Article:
French director Jean-Luc Godard’s postulation that “the cinema is dead” was almost realised with the recent release of Ben Stiller’s new film Tower Heist. This is not to say that the film was so utterly terrible that the art of cinema was irreversibly damaged (although this is perhaps debatable), and that the medium of cinema has decided to pack it in. The scare was, in fact, the result of an ambitious plan by Universal Studios to release Tower Heist on demand for TV customers in a US test market within a month of its release in theatres. Although the plan never came to fruition, after obvious objections from the movie theatres, it does give an interesting insight into the future direction that studios are taking for the release of new films.
There is no doubt that this proposal will be revisited in the near future and this has allowed for a moment of consideration regarding the implications of such a decision by the studio on the future of movie theatres, film-going, and, more pointedly, the impact it will have on the characteristics of cinema. If releasing new films straight to the consumers’ homes is to be the future for the industry, does this mean that the change in viewing environment will greatly affect a viewers’ experience of a film, and even their relationship with its images and sound? Furthermore, if films are not being viewed in their natural environment – the cinema – does this mean that films will surrender the qualities we deem to be cinematic?
Movie theatres offer a unique cinematic experience that cannot be truly replicated in the domestic environment. The darkness of the theatre, the large screen and surround sound guarantees centred attention from the viewer, and allows a full immersion into the cinematic experience. Television, conversely, is generally viewed in normal lighting conditions, on a smaller screen and with an inferior sound system that consequently reduces the intensity of the experience. For instance, it is critical that a film like 2001: A Space Odyssey is viewed in a theatre environment for the viewer to be fully absorbed in its cinematic qualities, and it is perhaps no surprise that it is rarely (if ever) scheduled as the midweek movie on TV.
Moreover, when the television is on, it is frequently not the only event in the house. This leads to constant disruptions of spectator concentration and thus makes it is impossible to establish the necessary voyeuristic contract between the film and viewer. TV shows, on the other hand, are capable of maintaining our attention due, in part, to the differing roles image and sound play in establishing a relationship with the viewer.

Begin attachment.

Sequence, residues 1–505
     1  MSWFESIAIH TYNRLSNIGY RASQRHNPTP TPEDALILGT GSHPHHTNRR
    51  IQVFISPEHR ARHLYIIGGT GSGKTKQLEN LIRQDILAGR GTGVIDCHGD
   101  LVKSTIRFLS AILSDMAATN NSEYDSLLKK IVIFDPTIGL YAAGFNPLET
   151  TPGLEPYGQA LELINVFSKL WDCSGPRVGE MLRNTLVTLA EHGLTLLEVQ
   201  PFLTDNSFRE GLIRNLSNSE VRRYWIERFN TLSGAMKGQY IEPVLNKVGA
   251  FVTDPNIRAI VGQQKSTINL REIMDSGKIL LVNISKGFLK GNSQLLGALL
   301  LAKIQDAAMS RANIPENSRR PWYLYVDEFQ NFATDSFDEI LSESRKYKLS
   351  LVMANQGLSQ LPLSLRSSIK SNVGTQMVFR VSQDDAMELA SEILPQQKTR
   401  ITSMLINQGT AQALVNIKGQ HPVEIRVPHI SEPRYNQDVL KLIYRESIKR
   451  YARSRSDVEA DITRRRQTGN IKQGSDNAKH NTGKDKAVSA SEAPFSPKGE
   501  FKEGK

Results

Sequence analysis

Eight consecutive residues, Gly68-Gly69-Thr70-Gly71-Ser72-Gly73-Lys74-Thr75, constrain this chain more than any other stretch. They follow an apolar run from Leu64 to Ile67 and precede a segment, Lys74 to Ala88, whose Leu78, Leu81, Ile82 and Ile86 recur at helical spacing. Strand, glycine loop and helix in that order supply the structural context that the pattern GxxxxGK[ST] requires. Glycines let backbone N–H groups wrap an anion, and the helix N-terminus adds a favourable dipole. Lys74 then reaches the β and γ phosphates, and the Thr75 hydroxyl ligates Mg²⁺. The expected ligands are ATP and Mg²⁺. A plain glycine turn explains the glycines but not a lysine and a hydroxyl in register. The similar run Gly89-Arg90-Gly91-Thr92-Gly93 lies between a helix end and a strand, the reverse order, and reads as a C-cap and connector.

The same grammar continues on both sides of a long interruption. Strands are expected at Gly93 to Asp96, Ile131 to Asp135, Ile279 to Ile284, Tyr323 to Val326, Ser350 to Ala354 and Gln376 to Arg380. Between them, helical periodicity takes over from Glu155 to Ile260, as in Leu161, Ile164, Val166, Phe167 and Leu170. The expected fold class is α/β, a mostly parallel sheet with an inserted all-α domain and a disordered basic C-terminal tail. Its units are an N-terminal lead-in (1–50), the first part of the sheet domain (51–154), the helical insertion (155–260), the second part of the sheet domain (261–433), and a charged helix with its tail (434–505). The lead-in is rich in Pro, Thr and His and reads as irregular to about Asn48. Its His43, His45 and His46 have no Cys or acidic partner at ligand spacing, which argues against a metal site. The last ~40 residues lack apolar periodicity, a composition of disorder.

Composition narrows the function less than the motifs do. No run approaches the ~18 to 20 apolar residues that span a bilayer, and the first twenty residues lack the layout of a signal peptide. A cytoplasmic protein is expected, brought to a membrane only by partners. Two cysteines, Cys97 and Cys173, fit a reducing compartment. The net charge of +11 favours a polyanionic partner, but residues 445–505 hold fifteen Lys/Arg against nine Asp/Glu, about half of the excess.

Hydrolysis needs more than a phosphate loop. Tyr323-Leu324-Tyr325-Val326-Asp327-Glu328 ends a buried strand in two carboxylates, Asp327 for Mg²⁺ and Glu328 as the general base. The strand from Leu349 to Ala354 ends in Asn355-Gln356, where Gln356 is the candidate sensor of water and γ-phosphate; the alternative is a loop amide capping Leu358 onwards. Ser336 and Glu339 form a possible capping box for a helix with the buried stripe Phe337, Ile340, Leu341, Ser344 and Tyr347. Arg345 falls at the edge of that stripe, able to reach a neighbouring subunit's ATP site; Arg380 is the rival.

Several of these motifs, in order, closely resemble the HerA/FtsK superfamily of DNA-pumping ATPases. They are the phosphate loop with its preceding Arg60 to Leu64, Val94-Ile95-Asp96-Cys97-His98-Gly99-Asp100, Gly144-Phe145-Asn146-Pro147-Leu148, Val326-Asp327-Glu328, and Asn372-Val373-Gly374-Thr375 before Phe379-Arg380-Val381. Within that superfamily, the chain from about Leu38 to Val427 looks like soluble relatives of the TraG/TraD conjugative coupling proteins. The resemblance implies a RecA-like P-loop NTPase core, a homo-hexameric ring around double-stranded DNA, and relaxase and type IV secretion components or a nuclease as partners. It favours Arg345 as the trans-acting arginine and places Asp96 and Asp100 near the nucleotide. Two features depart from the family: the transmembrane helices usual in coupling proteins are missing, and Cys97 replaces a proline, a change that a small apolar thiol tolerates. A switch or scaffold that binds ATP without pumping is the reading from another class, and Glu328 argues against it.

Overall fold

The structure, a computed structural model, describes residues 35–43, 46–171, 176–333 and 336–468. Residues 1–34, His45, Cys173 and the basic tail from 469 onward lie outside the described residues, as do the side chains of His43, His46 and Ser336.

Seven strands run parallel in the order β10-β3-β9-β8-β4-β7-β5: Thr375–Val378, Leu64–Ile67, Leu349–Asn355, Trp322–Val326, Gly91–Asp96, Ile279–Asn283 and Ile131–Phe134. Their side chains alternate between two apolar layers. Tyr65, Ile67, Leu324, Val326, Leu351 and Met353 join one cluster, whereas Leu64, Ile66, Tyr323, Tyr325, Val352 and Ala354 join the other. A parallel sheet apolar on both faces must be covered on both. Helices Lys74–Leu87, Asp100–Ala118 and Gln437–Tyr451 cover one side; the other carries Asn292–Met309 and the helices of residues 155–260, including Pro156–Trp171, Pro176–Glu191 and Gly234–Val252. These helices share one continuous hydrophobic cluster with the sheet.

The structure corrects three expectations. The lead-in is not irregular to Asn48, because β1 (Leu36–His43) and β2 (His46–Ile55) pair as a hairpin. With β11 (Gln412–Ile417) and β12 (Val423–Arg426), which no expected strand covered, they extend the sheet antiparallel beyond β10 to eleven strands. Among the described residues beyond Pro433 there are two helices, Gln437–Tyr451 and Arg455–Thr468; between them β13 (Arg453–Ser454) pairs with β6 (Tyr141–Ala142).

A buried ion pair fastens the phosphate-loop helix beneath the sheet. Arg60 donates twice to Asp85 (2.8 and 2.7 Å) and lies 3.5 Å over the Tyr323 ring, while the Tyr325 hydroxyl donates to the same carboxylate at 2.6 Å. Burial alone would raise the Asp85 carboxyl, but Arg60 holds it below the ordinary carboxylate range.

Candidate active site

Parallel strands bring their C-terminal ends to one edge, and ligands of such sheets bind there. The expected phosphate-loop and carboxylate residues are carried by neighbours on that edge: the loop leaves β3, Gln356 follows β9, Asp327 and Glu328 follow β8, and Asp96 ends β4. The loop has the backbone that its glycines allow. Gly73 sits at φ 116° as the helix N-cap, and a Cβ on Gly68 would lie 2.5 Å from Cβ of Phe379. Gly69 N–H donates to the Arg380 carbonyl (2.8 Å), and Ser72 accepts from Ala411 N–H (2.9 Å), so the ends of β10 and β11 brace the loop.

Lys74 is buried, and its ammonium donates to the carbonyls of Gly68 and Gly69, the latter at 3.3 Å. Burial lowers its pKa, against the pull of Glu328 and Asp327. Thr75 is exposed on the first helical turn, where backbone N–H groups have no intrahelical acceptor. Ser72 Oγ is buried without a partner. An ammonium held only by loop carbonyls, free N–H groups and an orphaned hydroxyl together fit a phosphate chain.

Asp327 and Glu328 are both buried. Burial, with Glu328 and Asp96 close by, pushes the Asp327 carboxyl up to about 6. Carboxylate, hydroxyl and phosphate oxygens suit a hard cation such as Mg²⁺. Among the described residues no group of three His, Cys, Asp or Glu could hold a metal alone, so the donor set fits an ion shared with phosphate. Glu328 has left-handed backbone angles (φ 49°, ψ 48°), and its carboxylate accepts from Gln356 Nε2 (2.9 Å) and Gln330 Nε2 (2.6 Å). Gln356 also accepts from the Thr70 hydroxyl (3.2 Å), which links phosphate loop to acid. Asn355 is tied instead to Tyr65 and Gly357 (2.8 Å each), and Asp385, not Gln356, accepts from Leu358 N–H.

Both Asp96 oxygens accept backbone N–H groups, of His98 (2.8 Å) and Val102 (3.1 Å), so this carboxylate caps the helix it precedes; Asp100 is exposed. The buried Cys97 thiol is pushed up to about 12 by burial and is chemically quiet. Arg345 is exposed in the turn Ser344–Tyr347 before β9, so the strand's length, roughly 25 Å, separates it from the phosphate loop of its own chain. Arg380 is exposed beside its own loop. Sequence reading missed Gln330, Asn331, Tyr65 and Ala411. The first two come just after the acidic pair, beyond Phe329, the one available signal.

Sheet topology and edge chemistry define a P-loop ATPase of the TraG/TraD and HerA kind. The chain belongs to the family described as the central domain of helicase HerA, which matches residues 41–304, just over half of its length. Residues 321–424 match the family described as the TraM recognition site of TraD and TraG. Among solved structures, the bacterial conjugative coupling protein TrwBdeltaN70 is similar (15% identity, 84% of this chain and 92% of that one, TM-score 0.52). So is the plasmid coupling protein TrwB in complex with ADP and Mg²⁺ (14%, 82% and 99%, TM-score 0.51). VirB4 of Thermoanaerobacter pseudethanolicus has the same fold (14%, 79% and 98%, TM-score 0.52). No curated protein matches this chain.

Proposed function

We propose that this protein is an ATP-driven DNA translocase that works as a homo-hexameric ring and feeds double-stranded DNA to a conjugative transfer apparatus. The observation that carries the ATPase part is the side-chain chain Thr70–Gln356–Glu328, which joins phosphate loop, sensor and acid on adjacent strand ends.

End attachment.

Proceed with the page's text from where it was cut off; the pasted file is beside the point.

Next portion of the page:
While the image is the central reference in cinema it is, in fact, sound that anchors meaning in television and keeps the attention of the viewer. Sound is used as the principal carrier of information in television and consequently reduces the image to an illustrative role. In situation comedies and cop procedurals, for example, the dialogue soundtrack provides the details to propel the narrative. These types of shows effectively boil down to characters talking in a series of rooms leaving images to, only occasionally, add information not conveyed in the soundtrack.
Television images are straightforward, stripped of detail and without conscious technique. The images are only held on screen until the small amount of visual information is exhausted. This results in the rapid cutting characteristic of TV programs, and is the antithesis of the richness of detail within the cinematic images of 2001: A Space Odyssey and films of the same ilk. There is a current trend with 3D to encourage spectacle in films to attract patrons to cinemas, but if this new venture proves to be successful for the studios, there is a real possibility that films will be adapted to suit the TV-on-demand market.
This potential domestication of cinema also raises concerns for the element that lies at the core of cinema: the notion of the ‘cinematic’. But what defines ‘cinematic’ in the context of film? Not all films are cinematic merely because they are shown in a cinema. Rather, it is moments or films that can be uniquely expressed through the medium of cinema. If these are experienced outside of their intended environment or experienced through a different form, such as television, they cease to be cinematic. Filmmakers undoubtedly consider the theatre environment when crafting films, and if future films are to be released for TV there will be less incentive for them to produce essentially cinematic works.
There is no doubt that new technology, such as larger television screens with sharper images, will mean a smoother transition from the theatre to the home for some, but if this proposal becomes a reality it will mean, on the primal level, that cinema will be fundamentally altered through what Godard refers to as the “TV mutation”, and all that is cinema, and indeed cinematic, may become lost as just another channel on TV.